Linked by Thom Holwerda on Sun 20th Apr 2008 15:43 UTC
General Development is running an opinion piece on the extensive reliance of programmers today on languages like Java and .NET. The author lambastes the performance penalties that are associated with running code inside virtualised environments, like Java's and .NET's. "It increases the compute burden on the CPU because in order to do something that should only require 1 million instructions (note that on modern CPUs 1 million instructions executes in about one two-thousandths (1/2000) of a second) now takes 200 million instructions. Literally. And while 200 million instructions can execute in about 1/10th of a second, it is still that much slower." The author poses an interesting challenge at the end of his piece - a challenge most OSNews readers will have already taken on. Note: Please note that many OSNews items now have a "read more" where the article in question is discussed in more detail.
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RE: He's making the wrong point
by siimo on Sun 20th Apr 2008 23:07 UTC in reply to "He's making the wrong point"
Member since:

No you are wrong about the memory usage. Granted some managed apps may have this problem. But this is not necessarily true.

Memory allocation to managed code is managed by the runtime (.NET / Java etc) and it sometimes allocates memory to an application and does not reclaim it back until some other application on the system needs to use this memory, if the memory is unused then it keeps it so that things remained cached.

Yes some programs have memory leaks but *don't* go by what your task manager says, when checking the memory usage of managed code.

Reply Parent Score: 2

SomeGuy Member since:

Even entirely disregarding memory leaks, a managed program will have a much higher memory footprint than a non-native compiled program. There are three main reasons for this:

1) A virtual machine with JIT means you *cannot* demand page. In other words, if you have 20 processes that each load the same 10 shared libraries which for the sake of argument are 10 megs in size.

In a VM you'll have 20*10 megs for each chunk of JIT'd code, plus the interpreter's memory overhead.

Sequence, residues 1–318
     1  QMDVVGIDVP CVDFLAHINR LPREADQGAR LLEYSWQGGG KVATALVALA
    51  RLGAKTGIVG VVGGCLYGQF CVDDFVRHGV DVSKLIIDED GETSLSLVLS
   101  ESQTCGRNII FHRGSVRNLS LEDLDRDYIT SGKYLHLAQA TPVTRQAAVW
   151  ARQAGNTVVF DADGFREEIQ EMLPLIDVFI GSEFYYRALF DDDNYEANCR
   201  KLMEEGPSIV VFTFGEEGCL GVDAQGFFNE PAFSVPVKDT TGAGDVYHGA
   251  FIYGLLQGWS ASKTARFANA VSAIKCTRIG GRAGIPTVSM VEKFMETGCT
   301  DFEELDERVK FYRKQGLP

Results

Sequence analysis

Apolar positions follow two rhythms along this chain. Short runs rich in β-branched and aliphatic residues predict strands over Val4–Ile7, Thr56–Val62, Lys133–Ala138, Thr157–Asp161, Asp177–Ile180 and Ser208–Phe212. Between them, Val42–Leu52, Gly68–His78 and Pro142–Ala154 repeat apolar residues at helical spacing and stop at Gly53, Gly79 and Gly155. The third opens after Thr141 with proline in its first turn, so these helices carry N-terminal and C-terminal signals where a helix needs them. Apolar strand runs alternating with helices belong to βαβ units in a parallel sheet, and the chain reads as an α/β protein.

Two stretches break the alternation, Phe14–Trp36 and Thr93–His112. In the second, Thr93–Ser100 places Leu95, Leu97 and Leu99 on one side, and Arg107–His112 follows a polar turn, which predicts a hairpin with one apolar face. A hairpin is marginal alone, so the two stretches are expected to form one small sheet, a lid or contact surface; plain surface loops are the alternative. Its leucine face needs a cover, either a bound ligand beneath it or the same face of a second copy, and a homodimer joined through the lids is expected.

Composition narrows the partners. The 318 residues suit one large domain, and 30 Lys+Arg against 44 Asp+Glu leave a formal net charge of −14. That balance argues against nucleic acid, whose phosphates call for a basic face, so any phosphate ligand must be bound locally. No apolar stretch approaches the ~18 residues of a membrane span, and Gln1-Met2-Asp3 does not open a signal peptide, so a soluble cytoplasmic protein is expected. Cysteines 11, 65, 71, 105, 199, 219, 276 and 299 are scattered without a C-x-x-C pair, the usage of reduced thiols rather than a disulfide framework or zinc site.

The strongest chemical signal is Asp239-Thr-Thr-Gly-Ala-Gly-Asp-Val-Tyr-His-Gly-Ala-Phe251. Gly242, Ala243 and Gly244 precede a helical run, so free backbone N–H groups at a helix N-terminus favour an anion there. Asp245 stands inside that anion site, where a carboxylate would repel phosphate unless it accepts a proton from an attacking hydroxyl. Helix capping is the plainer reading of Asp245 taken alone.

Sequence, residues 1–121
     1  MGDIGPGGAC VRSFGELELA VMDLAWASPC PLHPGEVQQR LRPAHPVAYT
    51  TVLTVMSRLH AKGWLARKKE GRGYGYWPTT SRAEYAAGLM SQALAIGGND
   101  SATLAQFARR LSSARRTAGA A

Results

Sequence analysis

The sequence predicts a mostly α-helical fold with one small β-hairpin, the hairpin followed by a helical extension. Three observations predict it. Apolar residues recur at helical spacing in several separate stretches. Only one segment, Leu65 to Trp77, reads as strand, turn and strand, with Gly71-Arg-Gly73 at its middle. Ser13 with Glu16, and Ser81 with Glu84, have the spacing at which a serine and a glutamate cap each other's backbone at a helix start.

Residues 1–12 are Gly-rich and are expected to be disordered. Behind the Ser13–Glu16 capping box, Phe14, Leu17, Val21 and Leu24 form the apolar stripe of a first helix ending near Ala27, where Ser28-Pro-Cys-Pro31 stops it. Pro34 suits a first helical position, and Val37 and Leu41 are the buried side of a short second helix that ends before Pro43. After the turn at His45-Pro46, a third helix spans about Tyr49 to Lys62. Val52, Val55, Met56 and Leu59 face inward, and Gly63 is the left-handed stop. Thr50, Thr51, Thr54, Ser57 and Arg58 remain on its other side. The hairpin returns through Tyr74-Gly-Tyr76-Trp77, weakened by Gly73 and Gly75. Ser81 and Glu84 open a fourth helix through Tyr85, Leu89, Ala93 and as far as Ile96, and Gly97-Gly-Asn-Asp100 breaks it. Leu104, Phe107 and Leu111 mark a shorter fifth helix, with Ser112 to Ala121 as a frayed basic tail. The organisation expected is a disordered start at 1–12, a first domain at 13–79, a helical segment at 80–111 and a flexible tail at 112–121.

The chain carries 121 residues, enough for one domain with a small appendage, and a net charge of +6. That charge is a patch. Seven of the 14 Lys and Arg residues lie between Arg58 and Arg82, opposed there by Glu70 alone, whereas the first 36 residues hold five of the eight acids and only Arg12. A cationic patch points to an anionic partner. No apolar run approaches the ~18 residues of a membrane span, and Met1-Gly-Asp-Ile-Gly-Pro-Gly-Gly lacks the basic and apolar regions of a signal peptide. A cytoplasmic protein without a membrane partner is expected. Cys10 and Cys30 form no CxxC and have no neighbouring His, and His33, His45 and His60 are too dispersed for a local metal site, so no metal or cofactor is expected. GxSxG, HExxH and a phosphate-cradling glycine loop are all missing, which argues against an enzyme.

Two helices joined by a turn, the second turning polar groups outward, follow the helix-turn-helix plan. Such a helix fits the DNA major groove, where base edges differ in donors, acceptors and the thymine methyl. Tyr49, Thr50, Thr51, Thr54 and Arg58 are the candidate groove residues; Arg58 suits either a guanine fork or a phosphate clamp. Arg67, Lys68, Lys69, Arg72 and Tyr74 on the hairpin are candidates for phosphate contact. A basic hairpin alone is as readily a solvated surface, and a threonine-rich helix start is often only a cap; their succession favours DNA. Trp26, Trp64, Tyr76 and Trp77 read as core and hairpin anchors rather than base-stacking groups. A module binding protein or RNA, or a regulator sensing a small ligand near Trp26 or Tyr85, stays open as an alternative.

In a native compiled language, the OS is smart enough to share all the compiled code between all the processes, so you only use 10 megs for *all* the proceses. (Ok, this isn't an entirely accurate view, but it's a good first approximation.)

2) Garbage collectors run every now and then. This means that the memory usage piles up as you create and forget about objects. Sure, you don't leak memory any more, but you need room for the garbage waiting to be collected. Research papers [sorry, no links at the moment, but they're around] show that to be effective, a garbage collected system needs between 1.5 to 5 times the amount of RAM, depending on the exact collection algorithms and usage patterns of the program. The garbage has to sit around somewhere in the time between you finishing using it, and the GC kicking in and cleaning it up.

3) Finally, this isn't an intrinsic property of a VM environment, but the languages that run inside a VM tend to emphasize making lots of little objects. This leads to everything from lots of garbage being created (see point 2) to memory fragmentation causing increased heap size (or increased CPU time, if you have a compacting/copying GC).

So, while VM-based languages certainly have their place, pretending that they're as memory efficient as their natively compiled counterparts with manual memory allocation is rather a crackpot notion at this time.

Reply Parent Score: 4

draethus Member since:

In a VM you'll have 20*10 megs for each chunk of JIT'd code, plus the interpreter's memory overhead

What a load of rubbish. Java's been using class data sharing for a good while now, which shared memory between JVM instances, avoiding that very problem.

Reply Parent Score: 2